Survival situations can start with a routine, mundane problem that escalates into an emergency. Most of you can’t change a flat tire, and that could create a real problem.
by Leon Pantenburg
I’m really good at changing flat tires. In college, I drove around on whatever second-hand, hand-me-down tires I could afford. Subsequently, there were frequent opportunities for practice. I’ve changed tires in the dark in rain, snow, mud and every sort of nasty weather you can imagine.
But today, this basic, level 101 survival skill seems to be disappearing.
According to a Nov. 20, 2012 Forbes magazine article ” Millennials, having grown up with sophisticated technology, just expect stuff to work and are less interested in figuring out “how” it works than previous generations. It’s increasingly unlikely they even know how to unlock the hood of their vehicle.”
This indifference leads to an overall ignorance Two in three teens don’t know how to change a flat tire, check or change the oil, or jumpstart a battery, according to a Sept. 19, 2011 U.S. News and World Report survey. They are also unable to identify basic car parts or perform emergency roadside repairs the survey concluded.
This could lead to is a minor task escalating into a full-blown emergency. What happens if you have to change a tire on an isolated stretch of highway, with no cell phone coverage to call for help? Your breakdown to could lead to an overnight stay in your vehicle or worse.
Here are five tips for making changing a tire easier.
Carry a tarp: I always carry a tarp, and a couple of rugs in the trunk. These have a multitude of uses. I’ve used mine while changing a tire as a shelter from the rain, a carpet when I had to lay down in mud beside the car to place the jack or a pad to kneel on while I pushed the wheel on. This is just another reason to always carry a tarp and rug in your vehicle.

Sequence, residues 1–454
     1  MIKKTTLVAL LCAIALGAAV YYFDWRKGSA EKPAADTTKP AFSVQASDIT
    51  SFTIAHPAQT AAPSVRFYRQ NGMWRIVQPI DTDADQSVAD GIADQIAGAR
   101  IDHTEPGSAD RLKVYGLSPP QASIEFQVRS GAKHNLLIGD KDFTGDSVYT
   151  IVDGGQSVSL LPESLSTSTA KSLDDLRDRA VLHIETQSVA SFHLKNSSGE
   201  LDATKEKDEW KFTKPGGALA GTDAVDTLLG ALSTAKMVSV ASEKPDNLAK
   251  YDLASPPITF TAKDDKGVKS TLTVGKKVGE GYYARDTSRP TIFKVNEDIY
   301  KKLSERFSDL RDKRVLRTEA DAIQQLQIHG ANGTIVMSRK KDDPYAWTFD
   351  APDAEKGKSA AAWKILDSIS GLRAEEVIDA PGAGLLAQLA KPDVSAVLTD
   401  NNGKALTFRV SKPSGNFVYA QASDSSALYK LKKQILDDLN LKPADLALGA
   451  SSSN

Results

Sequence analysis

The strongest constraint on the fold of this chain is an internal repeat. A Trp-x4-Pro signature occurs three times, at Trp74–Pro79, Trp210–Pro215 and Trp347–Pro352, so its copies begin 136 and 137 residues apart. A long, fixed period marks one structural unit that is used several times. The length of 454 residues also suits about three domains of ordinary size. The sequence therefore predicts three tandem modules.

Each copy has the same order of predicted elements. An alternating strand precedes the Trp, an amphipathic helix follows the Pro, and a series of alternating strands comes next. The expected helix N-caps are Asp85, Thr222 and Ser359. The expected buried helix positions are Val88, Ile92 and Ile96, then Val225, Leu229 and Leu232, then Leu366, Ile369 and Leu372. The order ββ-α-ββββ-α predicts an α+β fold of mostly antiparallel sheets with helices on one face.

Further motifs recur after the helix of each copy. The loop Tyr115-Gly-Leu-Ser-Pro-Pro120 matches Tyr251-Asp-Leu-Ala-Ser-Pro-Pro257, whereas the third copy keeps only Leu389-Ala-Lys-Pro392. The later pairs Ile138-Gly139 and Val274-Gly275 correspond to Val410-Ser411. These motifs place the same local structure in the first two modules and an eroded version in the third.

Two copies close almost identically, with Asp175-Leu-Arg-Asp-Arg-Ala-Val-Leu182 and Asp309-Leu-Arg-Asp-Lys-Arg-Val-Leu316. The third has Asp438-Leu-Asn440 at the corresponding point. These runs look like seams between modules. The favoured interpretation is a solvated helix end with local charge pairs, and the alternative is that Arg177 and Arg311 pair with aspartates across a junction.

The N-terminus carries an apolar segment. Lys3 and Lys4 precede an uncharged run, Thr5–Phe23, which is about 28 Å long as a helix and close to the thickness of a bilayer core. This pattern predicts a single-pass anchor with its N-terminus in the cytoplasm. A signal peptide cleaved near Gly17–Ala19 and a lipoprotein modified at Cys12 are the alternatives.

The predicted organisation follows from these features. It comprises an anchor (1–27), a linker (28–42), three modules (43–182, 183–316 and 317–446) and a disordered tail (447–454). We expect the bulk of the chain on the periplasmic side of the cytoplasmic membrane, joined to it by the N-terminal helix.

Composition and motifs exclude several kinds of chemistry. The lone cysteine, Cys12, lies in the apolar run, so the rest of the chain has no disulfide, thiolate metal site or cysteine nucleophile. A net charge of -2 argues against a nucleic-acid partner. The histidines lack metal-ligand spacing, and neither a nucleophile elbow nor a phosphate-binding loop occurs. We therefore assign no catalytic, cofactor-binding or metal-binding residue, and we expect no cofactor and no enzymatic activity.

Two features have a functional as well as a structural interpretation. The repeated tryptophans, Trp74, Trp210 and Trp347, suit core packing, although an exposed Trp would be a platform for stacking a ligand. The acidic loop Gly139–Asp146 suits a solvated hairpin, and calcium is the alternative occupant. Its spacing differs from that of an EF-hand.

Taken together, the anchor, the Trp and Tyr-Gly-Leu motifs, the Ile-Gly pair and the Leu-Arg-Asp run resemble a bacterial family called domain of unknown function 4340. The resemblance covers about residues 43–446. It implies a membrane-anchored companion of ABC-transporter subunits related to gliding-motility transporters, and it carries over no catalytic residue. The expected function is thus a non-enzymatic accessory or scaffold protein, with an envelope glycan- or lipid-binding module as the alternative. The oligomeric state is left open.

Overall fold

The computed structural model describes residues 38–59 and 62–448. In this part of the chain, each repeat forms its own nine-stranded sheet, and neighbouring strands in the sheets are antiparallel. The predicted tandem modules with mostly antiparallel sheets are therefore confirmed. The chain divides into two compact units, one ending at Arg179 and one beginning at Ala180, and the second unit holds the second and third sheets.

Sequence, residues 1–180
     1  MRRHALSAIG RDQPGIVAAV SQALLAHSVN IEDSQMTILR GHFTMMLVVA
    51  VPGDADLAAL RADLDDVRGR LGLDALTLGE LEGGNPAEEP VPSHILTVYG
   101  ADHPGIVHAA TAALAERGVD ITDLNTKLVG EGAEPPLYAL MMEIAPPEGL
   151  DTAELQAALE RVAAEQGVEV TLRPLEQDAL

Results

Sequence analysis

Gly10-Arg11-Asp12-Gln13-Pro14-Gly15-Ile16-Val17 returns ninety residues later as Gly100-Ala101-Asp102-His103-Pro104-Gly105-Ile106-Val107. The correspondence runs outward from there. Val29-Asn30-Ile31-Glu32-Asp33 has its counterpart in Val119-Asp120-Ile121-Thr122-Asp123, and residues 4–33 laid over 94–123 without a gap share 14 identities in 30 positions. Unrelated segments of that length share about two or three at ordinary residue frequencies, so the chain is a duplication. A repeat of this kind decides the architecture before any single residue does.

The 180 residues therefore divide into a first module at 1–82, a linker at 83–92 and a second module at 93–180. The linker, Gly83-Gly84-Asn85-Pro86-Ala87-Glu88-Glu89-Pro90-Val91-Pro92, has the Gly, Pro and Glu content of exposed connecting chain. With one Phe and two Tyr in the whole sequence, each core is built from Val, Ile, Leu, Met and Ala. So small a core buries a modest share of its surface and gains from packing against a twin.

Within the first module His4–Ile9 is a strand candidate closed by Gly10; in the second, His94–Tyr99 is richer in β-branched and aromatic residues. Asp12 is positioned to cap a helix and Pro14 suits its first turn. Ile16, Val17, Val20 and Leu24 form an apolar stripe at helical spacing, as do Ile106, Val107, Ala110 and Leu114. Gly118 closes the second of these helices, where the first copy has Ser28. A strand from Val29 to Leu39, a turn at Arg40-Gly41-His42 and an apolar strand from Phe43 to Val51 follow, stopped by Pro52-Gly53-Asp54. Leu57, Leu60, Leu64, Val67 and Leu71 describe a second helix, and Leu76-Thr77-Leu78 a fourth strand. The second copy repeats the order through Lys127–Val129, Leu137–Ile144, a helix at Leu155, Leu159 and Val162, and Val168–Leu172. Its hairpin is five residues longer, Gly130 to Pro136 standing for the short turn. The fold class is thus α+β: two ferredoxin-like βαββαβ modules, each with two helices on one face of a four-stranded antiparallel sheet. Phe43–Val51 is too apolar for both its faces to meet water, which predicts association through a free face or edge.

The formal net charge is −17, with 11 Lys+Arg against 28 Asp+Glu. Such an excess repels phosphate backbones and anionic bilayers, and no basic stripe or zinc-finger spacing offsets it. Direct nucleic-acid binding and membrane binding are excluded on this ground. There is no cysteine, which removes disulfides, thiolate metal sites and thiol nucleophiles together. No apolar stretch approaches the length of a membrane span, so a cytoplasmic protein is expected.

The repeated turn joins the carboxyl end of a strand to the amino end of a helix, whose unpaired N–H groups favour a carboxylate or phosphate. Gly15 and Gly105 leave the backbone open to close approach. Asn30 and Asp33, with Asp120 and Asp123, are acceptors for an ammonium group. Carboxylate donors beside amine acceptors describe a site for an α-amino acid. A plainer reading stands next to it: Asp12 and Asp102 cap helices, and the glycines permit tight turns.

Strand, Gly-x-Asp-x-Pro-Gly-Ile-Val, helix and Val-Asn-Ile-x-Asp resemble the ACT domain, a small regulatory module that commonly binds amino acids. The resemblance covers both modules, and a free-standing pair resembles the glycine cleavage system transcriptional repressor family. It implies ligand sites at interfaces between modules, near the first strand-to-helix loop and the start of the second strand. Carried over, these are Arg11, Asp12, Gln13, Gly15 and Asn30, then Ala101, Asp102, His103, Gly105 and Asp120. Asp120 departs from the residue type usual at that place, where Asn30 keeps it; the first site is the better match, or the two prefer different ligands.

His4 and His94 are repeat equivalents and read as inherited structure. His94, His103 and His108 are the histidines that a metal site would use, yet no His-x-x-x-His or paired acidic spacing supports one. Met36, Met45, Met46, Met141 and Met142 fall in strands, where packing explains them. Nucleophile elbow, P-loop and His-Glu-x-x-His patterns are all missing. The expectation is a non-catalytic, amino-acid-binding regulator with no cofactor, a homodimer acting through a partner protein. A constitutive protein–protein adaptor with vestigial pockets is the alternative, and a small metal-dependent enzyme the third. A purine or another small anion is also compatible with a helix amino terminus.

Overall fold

Include a headlamp in your car kit: Changing a tire by the braille system in the dark is really, really hard. A headlamp can illuminate the work area while leaving your hands free. Check the batteries often.
Get good tire tools: Most of the factory-supplied tire tools are adequate at best. In particular, the lug wrenches are
pathetic. They usually consist of a socket at the end of a rod bent at a 45-degree angle. The average person may have a difficult – if not impossible – time removing the nuts. Invest in a sturdy, X-handle lug nut wrench with different-sized sockets.
The impact wrenches used by most tire stores tighten nuts too tight for most people to get them off. Request the technician tighten them by hand, or make sure you have a x-handle wrench. Include flares and reflectors to put in the roadway to warn off other motorists.
Check the jack: Most of the scissor-style jacks that come with a car are just OK. In mud or snow on the shoulder of the road, the small base might sink down to the point where it won’t provide enough clearance to remove the tire. Think about carrying a board along if this could be a problem.
Practice in the driveway: Test drive your tire changing skills in a controlled environment. If something isn’t going to work for you, find that out in a safe area.
Don’t put the lug nuts on too tight: Request the technician tighten them by hand, or make sure you have a x-handle wrench. Make sure you can get the lug nuts off (see Practice in the driveway.)
For basic instructions on changing a tire, check out the video.